A photo and flowers are seen during a funeral service for Humboldt Broncos’ Logan Boulet in Lethbridge, Alta. on Saturday, April 14, 2018. The Alberta hometown for a victim of the Humboldt Broncos bus crash will name an arena after him, and will also make an exception to a decades-old rule that prohibited its mayor from issuing proclamations. Councillors in Lethbridge voted unanimously Monday to approve a name change that will see Adams Park Ice Centre become Logan Boulet Arena. THE CANADIAN PRESS/David Rossiter

Father of Broncos player who died says Alberta organ donation bill needs work

Six people benefited from organs harvested from his son, Logan, was one of 16 killed in the crash

The father of a Broncos hockey player whose organs were donated after he died in a catastrophic bus crash says a presumed consent bill before the Alberta legislature is a good start but has a long way to go.

“There’s way more that needs to be added to the bill,” Toby Boulet said in an interview Monday.

Matthew Jones, a government backbencher, has introduced a private member’s bill that would allow organs to be automatically harvested unless a person had opted out while still alive.

Medical officials have long wondered about how to improve the rate of organ donation in Alberta, where the transplant recipient waiting list stands at more than 700. The provincial rate is well below the one-quarter of Canadians who have signed up to donate their organs.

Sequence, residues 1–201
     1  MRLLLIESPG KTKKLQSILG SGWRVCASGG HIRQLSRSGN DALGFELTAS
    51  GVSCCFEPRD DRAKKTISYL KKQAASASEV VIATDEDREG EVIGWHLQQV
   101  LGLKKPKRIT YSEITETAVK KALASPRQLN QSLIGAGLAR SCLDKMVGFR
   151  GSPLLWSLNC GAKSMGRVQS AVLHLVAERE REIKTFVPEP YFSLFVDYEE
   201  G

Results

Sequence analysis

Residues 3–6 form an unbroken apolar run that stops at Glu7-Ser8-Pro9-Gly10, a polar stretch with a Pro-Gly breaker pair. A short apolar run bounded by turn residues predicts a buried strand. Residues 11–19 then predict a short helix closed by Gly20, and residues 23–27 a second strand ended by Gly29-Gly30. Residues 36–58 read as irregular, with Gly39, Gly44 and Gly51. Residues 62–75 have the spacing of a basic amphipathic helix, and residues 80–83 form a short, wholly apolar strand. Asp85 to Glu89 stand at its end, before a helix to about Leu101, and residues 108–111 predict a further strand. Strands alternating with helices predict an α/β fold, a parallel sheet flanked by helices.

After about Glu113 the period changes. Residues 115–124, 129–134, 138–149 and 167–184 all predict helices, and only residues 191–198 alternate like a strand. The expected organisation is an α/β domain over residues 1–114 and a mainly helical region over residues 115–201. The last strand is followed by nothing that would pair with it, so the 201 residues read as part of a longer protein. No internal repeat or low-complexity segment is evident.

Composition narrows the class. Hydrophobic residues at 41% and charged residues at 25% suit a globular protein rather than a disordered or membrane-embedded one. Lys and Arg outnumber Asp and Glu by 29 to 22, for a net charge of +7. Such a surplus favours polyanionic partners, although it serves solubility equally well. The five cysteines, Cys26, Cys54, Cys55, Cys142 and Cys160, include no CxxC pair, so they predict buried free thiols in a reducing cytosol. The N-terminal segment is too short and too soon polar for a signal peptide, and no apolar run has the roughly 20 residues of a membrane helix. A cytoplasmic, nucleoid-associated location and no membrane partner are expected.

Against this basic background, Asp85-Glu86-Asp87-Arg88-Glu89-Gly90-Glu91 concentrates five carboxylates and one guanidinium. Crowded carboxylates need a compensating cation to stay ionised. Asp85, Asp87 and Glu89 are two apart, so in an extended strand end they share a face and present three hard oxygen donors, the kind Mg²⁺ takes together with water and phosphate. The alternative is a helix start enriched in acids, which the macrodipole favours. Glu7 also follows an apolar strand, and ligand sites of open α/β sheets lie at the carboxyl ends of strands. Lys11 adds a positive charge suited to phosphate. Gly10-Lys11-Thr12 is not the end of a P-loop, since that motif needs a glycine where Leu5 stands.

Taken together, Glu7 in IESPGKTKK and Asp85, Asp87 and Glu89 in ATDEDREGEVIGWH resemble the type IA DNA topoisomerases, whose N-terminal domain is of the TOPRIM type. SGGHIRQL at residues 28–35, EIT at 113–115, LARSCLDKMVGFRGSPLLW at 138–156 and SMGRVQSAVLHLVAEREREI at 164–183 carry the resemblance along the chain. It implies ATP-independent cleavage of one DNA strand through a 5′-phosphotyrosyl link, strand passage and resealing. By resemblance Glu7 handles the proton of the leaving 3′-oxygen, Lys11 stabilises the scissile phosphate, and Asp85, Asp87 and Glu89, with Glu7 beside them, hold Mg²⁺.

“In Alberta we need to do better,” Boulet says.

Six people benefited from organs harvested from his son, Logan, who was one of 16 people killed when the Humboldt Broncos junior hockey team bus and a transport truck collided in April 2018 at a rural Saskatchewan intersection.

Logan had signed up shortly before to be a donor. Canadian Blood Services estimated that within two months of his death more than 150,000 people registered to pass on their organs. It became known as the Logan Boulet Effect.

Boulet supports the purpose of the bill, which has passed first reading, but he says it could do more harm than good unless there’s more work done to back up its intent.

He and his family have become advocates for organ donation. He points out that the percentage of Alberta families who approve an organ donation from a loved one — even if that person has signed a donor card — has declined steeply.

Boulet predicts that would continue if the proposed legislation were to become law, because it includes a way that families could opt out of presumed consent after someone died.

A BBC investigation found that some countries, including France and Brazil, experienced a decline in organ donations after bringing in presumed consent laws.

Awareness and education programs will continue to be necessary if some version of Alberta’s bill passes, Boulet suggests.

“There’s that education (and) cultural shift that we need and that’s not in the bill.”

He says the bill needs other tweaks, including some assurance that doctors would be available everywhere to harvest potentially life-saving organs.